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The Last Kiss - Review

The Last Kiss

Review by Jack Foley

IndieLondon Rating: 4 out of 5

DVD SPECIAL FEATURES: Audio Commentary By Zach Braff And Director Tony Goldwyn; Audio Commentary By Zach Braff, Tony Goldwyn And Cast Members Jacinda Barrett, Rachel Bilson, Michael Weston And Eric Christian Olsen; Behind The Scenes Feature (40 Minutes); Deleted/Extended Scenes, Including An Alternate Ending; Carey Brothers ‘Ride’ Music Video; Gag Reel; Theatrical Trailer.

FINDING emotional honesty in romantic comedy-drama is a neat trick that very few films manage to pull off. So many employ exaggerated situations to drive the story along while also reverting to formula for the inevitable feelgood finale.

The Last Kiss is different because it’s both realistic and refreshingly devoid of clunky sentiment. What’s more, it also has the power to provoke some difficult conversations afterwards.

Michael (Zach Braff) seems to have it all – from successful career and loyal friends to beautiful girlfriend Jenna (Jacinda Barrett). But while she’s contemplating marriage and children, Michael is experiencing a crisis of confidence and is tempted into one last fling with Kim (Rachel Bilson), a young college girl he meets at a friend’s wedding.

The people around him are also experiencing their own difficulties. Best friend Chris (Casey Affleck), for instance, has found that fatherhood has placed a strain on his relationship and wants to get out, while even his prospective mother-in-law (Blythe Danner) is striving to rekindle an old romance after becoming bored with her repressed husband (Tom Wilkinson).

What’s particularly refreshing about this melting pot, however, is that not every situation works out happily ever after and there’s a price to be paid for some of the indiscretions.

Every character is a flawed human being, prone to making mistakes and doing things that are unlikeable. Yet while they could have struggled to attract any sympathy, the material is so strong that viewers will find themselves rooting for the protagonists no matter how shocking their actions become.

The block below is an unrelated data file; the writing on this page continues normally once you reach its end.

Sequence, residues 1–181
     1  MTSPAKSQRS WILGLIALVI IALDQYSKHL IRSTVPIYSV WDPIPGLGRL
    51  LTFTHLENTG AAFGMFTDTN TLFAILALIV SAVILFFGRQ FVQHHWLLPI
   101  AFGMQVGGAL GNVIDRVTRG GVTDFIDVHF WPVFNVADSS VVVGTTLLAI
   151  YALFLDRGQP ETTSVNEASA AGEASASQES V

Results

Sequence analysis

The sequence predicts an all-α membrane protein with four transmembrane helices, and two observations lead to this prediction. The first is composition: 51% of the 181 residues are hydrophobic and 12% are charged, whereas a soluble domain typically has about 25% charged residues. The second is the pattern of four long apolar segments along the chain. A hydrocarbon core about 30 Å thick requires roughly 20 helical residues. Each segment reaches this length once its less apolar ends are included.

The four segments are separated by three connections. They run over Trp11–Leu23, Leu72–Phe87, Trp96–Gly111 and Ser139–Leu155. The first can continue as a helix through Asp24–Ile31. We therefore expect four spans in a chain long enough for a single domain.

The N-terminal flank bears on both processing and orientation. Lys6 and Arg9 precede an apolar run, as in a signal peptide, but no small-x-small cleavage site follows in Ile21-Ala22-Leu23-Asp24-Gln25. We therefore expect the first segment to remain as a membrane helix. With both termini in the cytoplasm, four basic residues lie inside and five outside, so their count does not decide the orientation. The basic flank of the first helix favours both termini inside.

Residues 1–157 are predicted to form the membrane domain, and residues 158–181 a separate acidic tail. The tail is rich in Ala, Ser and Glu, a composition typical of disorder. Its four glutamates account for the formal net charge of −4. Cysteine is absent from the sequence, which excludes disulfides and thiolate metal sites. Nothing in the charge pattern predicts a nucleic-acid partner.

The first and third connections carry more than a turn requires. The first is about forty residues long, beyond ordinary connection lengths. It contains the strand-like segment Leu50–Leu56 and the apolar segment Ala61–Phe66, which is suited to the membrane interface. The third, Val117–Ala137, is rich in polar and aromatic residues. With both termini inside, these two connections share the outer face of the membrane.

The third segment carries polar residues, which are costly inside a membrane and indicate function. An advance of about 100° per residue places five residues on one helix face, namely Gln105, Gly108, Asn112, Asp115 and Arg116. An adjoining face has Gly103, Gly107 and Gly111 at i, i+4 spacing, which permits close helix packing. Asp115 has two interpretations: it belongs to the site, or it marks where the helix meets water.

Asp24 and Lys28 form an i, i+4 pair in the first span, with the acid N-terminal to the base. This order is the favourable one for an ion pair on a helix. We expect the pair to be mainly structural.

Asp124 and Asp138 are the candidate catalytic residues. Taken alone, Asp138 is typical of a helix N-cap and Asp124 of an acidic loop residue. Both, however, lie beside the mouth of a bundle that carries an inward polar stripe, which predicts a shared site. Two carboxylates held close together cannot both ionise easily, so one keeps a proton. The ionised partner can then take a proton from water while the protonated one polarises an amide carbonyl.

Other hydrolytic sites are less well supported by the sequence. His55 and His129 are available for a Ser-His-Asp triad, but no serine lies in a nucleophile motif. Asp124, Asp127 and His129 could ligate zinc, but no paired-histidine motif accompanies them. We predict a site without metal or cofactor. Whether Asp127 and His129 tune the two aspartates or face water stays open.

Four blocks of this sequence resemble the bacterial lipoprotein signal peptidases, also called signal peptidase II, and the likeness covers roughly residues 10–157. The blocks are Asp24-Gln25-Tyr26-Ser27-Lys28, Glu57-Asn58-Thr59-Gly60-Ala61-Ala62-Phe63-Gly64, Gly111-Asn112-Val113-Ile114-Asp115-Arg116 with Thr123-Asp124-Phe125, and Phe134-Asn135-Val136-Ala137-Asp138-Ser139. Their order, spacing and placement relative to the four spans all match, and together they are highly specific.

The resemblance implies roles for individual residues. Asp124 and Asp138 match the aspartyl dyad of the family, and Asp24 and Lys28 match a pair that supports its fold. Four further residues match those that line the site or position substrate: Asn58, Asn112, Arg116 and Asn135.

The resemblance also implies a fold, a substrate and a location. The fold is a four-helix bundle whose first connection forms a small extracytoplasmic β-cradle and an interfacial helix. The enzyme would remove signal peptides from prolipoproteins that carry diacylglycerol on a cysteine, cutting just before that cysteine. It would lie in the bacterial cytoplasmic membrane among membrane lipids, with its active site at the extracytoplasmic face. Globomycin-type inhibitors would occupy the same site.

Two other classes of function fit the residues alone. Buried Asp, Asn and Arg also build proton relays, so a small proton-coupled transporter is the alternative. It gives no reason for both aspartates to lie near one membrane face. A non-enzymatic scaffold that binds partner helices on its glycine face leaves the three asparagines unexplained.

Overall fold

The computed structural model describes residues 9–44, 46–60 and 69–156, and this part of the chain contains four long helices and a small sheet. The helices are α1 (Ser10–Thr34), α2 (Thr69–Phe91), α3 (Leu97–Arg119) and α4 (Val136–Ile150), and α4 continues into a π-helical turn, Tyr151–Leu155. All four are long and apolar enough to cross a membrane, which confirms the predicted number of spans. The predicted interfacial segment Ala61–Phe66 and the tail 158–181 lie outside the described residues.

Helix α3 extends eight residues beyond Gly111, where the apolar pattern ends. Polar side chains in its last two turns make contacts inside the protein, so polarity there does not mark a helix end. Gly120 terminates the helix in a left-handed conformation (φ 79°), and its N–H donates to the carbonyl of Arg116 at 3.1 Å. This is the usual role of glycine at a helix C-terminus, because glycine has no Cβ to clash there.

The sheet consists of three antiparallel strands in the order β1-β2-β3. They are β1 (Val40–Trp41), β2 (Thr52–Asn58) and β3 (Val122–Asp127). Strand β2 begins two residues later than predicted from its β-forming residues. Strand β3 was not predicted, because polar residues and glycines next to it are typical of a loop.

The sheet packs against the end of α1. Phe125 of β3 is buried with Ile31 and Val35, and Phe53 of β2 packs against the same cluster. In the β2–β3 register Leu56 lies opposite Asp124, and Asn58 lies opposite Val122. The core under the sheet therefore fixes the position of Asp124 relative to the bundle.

Braff’s Michael, in particular, is guilty of making several stupid decisions but is saved by the obvious remorse and self-loathing he displays thereafter, making him something of an endearing soul. While Wilkinson’s repressed father is equally sympathetic as a man who comes to realise his casual neglect for his wife’s needs almost when it’s too late.

Both actors are brilliant, expertly tapping into the insecurity and frustration of their situations in a manner that viewers may even identify with – or at least know someone who does.

The Last Kiss is actually a remake of Gabriele Muccino’s 2001 Italian film, L’Ultimo Bacio, that’s been expertly re-written by Paul (Crash) Haggis with a little help from Braff (who also contributes another memorable soundtrack).

It’s funny, poignant and incredibly sexy in places, yet it never feels like it’s short-changing either its characters or its audience, adopting a refreshingly honest approach to everything that it tackles.

Viewers anticipating a more traditional ‘date movie’ may be a little surprised by some of the material, especially since The Last Kiss isn’t the natural successor to Garden State that its misleading trailer suggests.

But those who give into its charms will be rewarded with a thoroughly engrossing experience – one that’s capable of making you laugh, cry and seriously reflect on what it has to say.

Read our interview with Zach Braff

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Certificate: 15
Running time: 104mins